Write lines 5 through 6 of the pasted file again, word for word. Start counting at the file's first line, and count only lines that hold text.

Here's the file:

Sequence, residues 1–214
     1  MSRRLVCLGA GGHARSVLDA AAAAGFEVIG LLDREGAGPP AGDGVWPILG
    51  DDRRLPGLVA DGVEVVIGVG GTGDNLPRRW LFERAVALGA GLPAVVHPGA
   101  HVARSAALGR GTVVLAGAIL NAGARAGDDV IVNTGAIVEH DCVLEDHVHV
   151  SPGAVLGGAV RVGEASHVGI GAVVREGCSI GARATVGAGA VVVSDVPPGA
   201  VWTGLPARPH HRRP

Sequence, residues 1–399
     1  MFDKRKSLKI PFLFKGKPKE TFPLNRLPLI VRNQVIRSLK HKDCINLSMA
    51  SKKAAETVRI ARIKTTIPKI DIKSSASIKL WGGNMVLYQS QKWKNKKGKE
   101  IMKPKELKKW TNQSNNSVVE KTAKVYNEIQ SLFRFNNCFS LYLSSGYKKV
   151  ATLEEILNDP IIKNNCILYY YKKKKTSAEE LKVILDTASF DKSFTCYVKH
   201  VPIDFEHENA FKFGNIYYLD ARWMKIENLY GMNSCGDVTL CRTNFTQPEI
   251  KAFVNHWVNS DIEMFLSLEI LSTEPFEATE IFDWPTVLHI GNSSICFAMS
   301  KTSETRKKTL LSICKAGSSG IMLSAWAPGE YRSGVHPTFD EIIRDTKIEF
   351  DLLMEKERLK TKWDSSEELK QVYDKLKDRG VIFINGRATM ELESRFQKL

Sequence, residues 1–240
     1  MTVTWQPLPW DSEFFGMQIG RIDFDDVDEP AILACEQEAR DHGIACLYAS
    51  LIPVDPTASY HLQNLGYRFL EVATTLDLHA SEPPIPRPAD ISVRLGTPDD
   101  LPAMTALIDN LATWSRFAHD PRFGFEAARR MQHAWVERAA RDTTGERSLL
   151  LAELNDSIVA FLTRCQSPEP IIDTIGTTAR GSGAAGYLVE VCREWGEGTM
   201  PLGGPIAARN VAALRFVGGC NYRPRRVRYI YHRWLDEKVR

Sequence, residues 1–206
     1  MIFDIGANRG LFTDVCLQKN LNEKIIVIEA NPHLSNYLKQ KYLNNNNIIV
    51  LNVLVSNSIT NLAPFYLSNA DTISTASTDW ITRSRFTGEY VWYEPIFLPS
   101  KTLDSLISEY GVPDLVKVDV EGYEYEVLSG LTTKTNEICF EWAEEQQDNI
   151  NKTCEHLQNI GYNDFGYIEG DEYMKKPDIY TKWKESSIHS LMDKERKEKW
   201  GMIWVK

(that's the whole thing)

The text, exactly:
   151  SPGAVLGGAV RVGEASHVGI GAVVREGCSI GARATVGAGA VVVSDVPPGA
   201  VWTGLPARPH HRRP